Fish and Wildlife Service tests new program for eagles

Printer-friendly version

Defenders of Wildlife says only time will determine effectiveness

WASHINGTON (December 6, 2013) – The U.S. Fish and Wildlife Service (Service) said today it would allow industries to apply for and receive 30-year permits for the unintentional killing or wounding — or “incidental take” — of bald and golden eagles. Primary beneficiaries of this rule would be large renewable energy, utility and infrastructure developers.

Statement by Jamie Rappaport Clark, President and CEO of Defenders of Wildlife:

“Defenders supports carefully crafted permitting as a way to enforce conservation objectives and monitor impacts on bald and golden eagles. While the Fish and Wildlife Service has worked hard to create a more transparent and consistent permitting program, the devil is in the details and relying heavily on adaptive management is risky.

“The opportunity for long-term permits is clearly a win for developers, but only time will tell if it will also be a sustainable win for eagles. Without fully knowing what the long-term biological consequences will be for bald and golden eagles, the agency must proceed cautiously, closely monitor progress and ensure strict compliance.”

###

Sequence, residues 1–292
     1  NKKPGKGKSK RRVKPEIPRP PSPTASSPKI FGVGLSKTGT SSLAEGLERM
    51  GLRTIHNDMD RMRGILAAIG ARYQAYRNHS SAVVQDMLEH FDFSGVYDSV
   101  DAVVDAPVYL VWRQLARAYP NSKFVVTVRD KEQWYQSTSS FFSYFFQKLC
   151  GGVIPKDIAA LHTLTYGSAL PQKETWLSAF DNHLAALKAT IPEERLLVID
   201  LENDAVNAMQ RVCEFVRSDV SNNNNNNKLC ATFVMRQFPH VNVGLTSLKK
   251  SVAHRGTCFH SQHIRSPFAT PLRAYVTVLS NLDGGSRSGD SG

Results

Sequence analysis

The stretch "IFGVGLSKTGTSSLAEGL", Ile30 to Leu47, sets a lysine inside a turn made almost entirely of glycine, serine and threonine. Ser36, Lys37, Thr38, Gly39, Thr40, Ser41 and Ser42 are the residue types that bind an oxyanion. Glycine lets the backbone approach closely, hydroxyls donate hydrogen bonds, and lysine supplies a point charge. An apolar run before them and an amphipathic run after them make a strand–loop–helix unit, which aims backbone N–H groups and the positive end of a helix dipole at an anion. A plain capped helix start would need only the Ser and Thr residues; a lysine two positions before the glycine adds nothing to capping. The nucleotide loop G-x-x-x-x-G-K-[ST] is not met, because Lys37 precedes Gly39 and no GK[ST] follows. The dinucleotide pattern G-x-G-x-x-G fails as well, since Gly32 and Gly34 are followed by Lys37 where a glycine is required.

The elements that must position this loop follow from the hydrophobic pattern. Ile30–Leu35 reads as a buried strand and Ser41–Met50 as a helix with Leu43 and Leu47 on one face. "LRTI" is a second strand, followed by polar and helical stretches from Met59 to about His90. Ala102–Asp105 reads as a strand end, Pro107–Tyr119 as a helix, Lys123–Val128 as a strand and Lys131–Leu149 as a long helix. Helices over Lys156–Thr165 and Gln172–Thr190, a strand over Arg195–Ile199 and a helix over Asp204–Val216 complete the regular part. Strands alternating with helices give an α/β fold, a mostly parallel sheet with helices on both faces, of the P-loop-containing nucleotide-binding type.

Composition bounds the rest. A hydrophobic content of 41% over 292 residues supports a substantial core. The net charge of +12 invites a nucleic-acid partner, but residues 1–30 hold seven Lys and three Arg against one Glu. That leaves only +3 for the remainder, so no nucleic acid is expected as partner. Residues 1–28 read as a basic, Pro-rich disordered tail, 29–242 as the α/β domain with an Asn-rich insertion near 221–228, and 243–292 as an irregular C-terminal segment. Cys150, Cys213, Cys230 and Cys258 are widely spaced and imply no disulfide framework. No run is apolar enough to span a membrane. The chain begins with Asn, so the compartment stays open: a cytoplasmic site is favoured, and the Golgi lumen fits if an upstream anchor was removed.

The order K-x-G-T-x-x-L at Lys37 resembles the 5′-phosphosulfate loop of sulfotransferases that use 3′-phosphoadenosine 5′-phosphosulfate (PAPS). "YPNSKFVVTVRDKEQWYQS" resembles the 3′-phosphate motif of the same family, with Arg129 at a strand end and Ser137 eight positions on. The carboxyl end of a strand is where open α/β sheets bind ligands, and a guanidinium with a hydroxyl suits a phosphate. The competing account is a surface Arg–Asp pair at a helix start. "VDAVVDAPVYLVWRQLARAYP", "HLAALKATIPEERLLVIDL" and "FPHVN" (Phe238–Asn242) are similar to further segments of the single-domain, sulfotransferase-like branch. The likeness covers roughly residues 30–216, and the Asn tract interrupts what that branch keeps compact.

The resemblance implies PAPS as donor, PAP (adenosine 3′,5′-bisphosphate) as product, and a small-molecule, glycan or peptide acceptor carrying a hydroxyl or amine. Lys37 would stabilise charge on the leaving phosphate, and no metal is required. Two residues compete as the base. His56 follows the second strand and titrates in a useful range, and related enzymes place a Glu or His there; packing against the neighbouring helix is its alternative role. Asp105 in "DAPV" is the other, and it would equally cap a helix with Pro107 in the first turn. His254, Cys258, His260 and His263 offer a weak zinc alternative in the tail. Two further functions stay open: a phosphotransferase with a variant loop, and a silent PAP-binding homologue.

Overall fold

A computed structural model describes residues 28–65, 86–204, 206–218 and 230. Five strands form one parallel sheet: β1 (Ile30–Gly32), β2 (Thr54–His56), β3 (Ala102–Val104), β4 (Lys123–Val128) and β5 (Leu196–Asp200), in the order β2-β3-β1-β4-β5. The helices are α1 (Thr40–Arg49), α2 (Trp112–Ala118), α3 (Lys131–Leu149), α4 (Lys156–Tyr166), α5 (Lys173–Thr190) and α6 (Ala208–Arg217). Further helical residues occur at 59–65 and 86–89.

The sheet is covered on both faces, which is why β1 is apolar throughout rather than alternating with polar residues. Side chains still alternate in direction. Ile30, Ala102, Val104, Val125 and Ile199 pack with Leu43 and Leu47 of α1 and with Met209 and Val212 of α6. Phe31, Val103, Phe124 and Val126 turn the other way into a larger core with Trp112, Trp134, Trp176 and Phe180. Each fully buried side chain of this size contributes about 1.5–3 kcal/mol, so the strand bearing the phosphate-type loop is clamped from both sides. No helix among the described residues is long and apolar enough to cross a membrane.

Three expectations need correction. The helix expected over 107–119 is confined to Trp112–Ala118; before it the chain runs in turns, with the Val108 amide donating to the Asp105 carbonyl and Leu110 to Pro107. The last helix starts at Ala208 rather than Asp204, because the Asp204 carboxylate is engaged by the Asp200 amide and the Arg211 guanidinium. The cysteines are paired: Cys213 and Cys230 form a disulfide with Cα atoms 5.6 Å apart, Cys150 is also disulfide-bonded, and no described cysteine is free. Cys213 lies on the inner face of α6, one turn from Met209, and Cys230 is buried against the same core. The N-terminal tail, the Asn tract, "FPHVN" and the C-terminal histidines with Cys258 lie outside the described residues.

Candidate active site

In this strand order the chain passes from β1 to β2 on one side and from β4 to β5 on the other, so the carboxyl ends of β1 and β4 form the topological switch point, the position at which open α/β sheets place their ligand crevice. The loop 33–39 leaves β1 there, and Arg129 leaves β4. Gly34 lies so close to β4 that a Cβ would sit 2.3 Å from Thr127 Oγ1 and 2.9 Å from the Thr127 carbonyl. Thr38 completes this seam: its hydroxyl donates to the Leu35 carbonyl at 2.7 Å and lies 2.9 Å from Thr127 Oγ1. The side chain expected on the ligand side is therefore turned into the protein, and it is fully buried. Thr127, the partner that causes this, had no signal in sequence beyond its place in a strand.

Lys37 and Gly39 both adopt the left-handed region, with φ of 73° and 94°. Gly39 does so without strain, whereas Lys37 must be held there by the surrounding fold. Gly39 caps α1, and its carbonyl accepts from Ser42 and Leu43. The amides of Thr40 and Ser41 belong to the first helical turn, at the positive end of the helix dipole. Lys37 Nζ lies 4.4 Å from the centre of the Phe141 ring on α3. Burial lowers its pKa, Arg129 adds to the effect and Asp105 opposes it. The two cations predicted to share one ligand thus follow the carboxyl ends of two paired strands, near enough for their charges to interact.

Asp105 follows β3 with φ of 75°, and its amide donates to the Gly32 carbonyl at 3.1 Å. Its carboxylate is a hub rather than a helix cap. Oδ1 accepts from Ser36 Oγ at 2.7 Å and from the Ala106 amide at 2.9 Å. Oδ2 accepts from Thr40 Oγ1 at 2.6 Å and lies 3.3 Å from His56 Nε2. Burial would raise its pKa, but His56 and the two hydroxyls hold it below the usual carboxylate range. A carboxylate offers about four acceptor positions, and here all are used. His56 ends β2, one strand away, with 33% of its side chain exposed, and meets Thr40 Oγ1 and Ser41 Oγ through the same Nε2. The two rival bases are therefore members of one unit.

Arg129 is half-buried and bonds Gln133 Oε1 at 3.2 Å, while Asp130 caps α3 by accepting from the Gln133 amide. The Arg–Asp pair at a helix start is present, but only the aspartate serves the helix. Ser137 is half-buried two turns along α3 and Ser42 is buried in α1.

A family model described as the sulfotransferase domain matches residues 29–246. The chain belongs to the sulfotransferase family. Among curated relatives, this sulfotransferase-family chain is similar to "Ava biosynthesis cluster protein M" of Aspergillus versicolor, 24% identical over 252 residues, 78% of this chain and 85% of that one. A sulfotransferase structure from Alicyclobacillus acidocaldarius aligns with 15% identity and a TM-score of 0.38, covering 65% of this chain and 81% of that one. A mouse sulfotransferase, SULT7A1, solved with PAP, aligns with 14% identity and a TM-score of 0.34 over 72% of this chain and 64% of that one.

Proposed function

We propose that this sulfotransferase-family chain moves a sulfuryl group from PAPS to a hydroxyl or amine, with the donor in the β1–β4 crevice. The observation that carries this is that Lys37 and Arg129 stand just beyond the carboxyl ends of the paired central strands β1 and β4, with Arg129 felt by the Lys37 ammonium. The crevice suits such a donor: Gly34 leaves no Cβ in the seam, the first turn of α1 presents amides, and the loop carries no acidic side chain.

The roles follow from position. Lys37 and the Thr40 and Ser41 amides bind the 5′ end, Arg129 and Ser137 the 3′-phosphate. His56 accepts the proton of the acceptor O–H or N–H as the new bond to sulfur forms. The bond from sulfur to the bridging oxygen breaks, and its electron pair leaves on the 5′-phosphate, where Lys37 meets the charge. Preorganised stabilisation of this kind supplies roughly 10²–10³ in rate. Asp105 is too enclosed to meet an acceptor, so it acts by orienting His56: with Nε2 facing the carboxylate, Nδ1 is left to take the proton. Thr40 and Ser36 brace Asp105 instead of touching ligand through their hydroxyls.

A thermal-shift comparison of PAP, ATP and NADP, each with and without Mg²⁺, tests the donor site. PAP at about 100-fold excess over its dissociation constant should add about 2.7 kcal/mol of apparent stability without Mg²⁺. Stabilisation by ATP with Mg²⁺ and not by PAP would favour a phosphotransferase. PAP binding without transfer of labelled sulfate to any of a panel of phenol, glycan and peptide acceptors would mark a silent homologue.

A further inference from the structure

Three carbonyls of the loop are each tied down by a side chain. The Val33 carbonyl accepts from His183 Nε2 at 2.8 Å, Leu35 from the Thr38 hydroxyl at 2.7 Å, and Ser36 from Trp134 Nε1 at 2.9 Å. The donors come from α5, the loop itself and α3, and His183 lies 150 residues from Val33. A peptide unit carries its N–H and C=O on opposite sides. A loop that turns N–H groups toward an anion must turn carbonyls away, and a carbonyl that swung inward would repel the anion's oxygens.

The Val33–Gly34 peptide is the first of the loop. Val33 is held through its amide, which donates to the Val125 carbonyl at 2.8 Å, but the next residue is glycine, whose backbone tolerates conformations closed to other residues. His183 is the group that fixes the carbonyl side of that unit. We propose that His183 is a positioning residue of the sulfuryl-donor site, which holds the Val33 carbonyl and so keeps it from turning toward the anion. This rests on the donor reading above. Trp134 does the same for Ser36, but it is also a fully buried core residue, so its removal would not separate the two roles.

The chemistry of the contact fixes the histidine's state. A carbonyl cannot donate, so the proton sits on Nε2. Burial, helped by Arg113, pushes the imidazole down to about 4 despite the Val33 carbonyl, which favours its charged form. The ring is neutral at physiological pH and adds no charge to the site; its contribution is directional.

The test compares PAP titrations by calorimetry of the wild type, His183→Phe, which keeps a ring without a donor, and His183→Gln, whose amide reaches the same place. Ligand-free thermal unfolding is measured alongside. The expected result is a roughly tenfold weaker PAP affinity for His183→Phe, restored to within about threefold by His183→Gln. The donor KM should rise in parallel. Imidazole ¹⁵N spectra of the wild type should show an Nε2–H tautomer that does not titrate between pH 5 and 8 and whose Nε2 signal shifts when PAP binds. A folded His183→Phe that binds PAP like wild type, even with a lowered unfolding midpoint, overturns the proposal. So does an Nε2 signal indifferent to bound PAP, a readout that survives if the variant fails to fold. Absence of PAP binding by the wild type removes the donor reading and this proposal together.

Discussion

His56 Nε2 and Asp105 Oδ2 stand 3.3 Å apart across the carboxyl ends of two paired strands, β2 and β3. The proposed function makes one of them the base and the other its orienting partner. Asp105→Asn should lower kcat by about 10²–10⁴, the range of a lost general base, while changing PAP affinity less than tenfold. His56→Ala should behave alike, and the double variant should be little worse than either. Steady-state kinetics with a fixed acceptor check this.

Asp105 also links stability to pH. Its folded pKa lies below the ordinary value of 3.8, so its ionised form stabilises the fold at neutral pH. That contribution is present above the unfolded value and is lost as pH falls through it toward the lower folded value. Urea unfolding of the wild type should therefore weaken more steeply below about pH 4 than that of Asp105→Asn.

Contact: Courtney Sexton, (202)-772-0523, csexton@defenders.org

Defenders of Wildlife is dedicated to the protection of all native animals and plants in their natural communities. With more than 1 million members and activists, Defenders of Wildlife is a leading advocate for innovative solutions to safeguard our wildlife heritage for generations to come. For more information, visit www.defenders.org and follow us on Twitter @DefendersNews.

Fact Sheet
Called "skunk bear" by the Blackfeet Indians, the wolverine is the largest terrestrial member of the weasel family. It has a broad head, small eyes and short rounded ears.
forest, © Lindsay Kaun
Conservation Issue
When habitats are threatened, so are the animals who live there.
Win for Wildlife
Victory! Congress votes to protect endangered wildlife over special interests. Learn how Defenders and our supporters helped make this great win happen.